202203071610.AYC Re: Making Use of 240/4 NetBlock

William Herrin bill at herrin.us
Fri Mar 11 16:34:20 UTC 2022

On Fri, Mar 11, 2022 at 6:36 AM Abraham Y. Chen <aychen at avinta.com> wrote:
> 1)    Thanks for the reference. However, Informative Reference 7 of our IETF Draft cites another IANA document which puts the initial date of the 240/4 topic back to 1981-09 which was much earlier, in fact, coincided with that of RFC 791.

Hi Abraham,

As I said, RFC1112 documents the _most recent_ standards action with
respect to 240/4. The earlier RFC 791 you mention described 224/3
(which included 240/4) as "escape to extended addressing mode" which
it specified as "undefined" and "reserved for future use." RFC 988
then redefined and split 224/3 into "class D" and "class E" addresses,
defined "class D" as multicast and "class E" as reserved for future
use without any particular purpose. This saw updates in RFC1112 which
has the current disposition of "class E" aka 240/4.

RFC 1112 spends a grand total of one sentence on Class E addresses. If
you're looking for more, you won't find it. That one sentence is all
they said.

> 2)    My curiosity questions were not about "when" or "how", but "why" and for "whom".

As documented or unambiguously inferred, "why" is because the folks in
the 1980s wanted to hold some addresses aside for uses not then known,
and "for whom" was explicitly undefined.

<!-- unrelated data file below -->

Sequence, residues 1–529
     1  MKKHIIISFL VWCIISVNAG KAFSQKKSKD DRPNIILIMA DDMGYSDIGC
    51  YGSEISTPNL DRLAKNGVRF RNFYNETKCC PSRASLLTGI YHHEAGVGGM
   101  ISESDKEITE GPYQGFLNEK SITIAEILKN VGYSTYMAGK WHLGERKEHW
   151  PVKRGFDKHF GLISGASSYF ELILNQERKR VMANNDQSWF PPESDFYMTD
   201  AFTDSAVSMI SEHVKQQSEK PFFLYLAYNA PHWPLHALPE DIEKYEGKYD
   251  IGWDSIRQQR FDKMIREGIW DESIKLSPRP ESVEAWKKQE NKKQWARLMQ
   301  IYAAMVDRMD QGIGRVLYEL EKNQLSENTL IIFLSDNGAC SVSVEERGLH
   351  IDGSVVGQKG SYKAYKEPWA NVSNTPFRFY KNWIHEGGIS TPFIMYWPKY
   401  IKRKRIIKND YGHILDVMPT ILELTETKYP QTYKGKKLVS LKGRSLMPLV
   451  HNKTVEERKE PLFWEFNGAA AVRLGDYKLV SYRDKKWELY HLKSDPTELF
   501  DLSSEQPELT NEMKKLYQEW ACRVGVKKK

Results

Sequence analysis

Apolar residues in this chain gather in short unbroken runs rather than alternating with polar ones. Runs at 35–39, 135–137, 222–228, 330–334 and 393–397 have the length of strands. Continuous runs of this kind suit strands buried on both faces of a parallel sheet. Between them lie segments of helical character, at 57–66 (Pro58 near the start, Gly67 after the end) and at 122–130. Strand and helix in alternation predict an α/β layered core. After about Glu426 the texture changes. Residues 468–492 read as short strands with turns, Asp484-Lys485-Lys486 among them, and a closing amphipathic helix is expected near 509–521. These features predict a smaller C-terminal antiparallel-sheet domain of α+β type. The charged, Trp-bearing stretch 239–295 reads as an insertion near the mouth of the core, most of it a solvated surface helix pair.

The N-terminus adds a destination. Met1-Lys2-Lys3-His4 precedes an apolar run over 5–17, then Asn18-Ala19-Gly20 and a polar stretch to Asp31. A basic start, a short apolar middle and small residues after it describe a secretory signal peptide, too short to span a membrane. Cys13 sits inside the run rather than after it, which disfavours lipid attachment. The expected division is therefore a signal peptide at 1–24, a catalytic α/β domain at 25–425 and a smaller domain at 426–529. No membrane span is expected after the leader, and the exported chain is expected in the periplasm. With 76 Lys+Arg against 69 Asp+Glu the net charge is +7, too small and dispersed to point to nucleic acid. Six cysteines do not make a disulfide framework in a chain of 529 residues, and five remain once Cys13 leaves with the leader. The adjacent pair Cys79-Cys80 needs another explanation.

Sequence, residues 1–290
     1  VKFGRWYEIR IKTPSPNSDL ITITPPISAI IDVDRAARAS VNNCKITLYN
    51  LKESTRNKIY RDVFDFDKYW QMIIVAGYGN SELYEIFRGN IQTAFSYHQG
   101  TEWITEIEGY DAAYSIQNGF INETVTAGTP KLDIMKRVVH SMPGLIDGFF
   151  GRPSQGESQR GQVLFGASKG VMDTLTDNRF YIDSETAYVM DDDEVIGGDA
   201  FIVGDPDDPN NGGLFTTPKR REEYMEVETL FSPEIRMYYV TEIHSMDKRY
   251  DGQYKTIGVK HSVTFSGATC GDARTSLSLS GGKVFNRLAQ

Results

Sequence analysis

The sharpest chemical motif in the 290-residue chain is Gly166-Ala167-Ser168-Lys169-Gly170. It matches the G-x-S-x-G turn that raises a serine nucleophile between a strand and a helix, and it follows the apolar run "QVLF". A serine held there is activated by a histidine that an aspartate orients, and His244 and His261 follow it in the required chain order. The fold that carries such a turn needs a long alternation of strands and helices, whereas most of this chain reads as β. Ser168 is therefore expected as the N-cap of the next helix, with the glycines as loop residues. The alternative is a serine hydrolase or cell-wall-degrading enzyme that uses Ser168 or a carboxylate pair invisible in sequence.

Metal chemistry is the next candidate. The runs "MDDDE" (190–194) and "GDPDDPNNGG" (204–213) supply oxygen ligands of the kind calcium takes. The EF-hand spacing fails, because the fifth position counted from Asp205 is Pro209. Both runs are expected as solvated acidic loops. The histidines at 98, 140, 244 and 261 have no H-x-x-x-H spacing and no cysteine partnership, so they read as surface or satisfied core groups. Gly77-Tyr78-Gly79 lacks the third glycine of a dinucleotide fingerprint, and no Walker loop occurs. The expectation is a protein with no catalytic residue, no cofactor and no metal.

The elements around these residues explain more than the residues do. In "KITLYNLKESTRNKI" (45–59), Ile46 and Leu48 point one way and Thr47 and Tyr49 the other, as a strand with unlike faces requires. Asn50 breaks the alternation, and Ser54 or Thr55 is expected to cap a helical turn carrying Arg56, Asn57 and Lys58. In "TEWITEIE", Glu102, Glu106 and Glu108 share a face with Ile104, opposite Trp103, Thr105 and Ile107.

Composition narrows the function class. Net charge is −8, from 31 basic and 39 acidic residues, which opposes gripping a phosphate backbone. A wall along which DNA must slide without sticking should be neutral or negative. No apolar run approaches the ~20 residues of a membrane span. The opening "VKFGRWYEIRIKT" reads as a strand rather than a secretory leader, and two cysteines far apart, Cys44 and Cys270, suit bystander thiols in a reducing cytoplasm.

> Particularly at a time that IPv4 was planned to be "dead" soon, what was its "Future" that deserved to be Reserved for?

As I've said in other postings on the subject, I believe the time has
passed where it was reasonable to expect that a non-unicast use might
be found for 240/4 within the remaining lifetime of the IPv4 protocol.
Nor is there any reason to believe we will need more of another sort
of address such as multicast or broadcast. More, it's well understood
that the network routing and software client behavior for anycast is
identical to unicast, and indeed addresses defined as global unicast
have been routinely allocated to anycast uses. I thus think a
standards action changing 240/4 from "reserved, undefined" to
"reserved, unicast" is justified.

Exactly what unicast use remains a reasonable topic of debate. Such
debate, however, is irrelevant to the hardware and software
implementing it which need only care that the addresses should be
handled in normal unicast routing and termination. Changes to hardware
and software to make use of 240/4 as ordinary unicast IP addresses can
and should proceed in parallel to such debate.

Bill Herrin

William Herrin
bill at herrin.us

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